“I Feel Like I Slipped Through The Cracks”: Tackling Imposter Syndrome in Graduate School

AUTHORS: Aya Dudin and Kathryn Reynolds



Do you identify with this thought: “Am I competent enough to be a graduate student in my field?”




If you’ve recently contemplated this question, you may be experiencing a set of feelings best described by the term imposter syndrome. Imposter syndrome is a psychological thought pattern resulting in an inability to internalize achievements, leading to the questioning of one’s competence for a professional position. Despite professional success, individuals experiencing this thought pattern are left feeling fraudulent, terrified that they’ll be ‘discovered’ one day. A simple search query for the term ‘imposter syndrome’ yields ~5.8 million search results on Google and 10,100 search results on Google Scholar. This suggests a heightened awareness of—and interest in—this phenomenon. Interestingly, these feelings are common among high-achieving individuals and are particularly widespread in graduate school, especially among new students. The skills we learn as scientists may predispose us to feeling like a fraud: we constantly critique others’ research, and in turn, we find it all too easy to project those critiques onto ourselves. However, we can also apply our graduate skills to navigate and overcome such thought patterns, as we will explore in this article.


While brainstorming ideas for this piece, we discussed imposter syndrome with numerous graduate students from our program. Many identified a common theme in their struggles to feel deserving of their graduate positions: “I slipped through the cracks and I got here.” We therefore feel that it is crucial to normalize conversations about feeling fraudulent and out of your depth. We also feel that it is important to turn these common insecurities into learning opportunities, as individuals as well as a collective. While imposter syndrome may be an intimidating roadblock on the path to graduate success, confronting these feelings can help you find the motivation and tools to grow, both as a scientist and as a person.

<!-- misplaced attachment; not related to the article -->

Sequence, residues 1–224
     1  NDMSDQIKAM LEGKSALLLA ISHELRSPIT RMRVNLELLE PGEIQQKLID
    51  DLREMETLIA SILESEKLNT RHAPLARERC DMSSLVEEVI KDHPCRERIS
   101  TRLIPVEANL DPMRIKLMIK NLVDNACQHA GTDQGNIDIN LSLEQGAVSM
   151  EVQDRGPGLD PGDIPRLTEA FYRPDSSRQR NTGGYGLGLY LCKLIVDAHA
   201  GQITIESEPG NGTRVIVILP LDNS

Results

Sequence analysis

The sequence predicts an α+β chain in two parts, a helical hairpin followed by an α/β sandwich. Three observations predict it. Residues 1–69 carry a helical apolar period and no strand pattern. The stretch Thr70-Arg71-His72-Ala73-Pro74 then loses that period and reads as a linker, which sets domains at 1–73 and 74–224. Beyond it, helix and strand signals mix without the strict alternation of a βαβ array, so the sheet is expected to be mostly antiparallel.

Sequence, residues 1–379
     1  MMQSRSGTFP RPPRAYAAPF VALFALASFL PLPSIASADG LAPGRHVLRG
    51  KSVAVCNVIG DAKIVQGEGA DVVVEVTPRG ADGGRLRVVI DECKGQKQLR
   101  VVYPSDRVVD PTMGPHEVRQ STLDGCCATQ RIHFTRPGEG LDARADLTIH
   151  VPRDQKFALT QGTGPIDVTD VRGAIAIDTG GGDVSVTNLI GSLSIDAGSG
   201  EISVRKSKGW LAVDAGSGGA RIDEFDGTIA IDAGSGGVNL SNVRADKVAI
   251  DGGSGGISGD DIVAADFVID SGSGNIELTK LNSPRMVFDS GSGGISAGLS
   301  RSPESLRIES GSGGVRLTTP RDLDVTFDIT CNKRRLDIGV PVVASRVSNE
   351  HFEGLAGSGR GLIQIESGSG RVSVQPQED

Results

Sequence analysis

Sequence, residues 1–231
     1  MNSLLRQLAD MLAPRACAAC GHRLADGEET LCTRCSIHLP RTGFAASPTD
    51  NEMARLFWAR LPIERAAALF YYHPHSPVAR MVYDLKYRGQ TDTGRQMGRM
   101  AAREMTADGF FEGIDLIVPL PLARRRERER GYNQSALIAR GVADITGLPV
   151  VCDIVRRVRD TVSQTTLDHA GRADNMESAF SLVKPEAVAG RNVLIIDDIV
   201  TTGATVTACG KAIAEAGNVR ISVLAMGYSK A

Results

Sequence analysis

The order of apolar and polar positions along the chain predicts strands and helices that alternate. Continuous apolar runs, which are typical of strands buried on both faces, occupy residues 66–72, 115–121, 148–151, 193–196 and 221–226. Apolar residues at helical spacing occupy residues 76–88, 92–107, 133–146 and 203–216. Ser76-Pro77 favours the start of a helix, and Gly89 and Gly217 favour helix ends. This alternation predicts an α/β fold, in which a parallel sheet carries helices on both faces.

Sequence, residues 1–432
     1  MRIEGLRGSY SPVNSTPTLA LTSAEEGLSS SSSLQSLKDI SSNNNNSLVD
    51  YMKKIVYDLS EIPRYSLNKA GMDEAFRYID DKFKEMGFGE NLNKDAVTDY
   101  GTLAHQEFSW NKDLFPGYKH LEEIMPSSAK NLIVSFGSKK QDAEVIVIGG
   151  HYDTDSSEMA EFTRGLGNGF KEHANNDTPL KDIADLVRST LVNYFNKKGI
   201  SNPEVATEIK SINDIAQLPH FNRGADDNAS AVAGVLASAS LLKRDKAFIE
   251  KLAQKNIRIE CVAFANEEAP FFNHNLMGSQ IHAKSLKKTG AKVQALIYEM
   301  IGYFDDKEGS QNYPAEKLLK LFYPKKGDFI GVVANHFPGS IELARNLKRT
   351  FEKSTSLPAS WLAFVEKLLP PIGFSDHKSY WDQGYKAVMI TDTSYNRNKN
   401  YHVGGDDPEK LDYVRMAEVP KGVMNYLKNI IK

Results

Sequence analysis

If you think back to your undergraduate physiology training, you may remember that stress elevates cortisol, and that elevated cortisol can improve both mental and physical performance. However, this only holds true for a certain stress threshold, after which elevated cortisol has a negative impact on performance. Thus, mildly questioning your abilities every once in awhile while may motivate you to push your own limits, but severely doubting yourself over a prolonged period of time and panicking due to negative self-perceptions can seriously hamper your success. The key is to manage feelings of imposterism so that they don’t tip over into unhealthy territory. As one Neuroscience graduate student describes,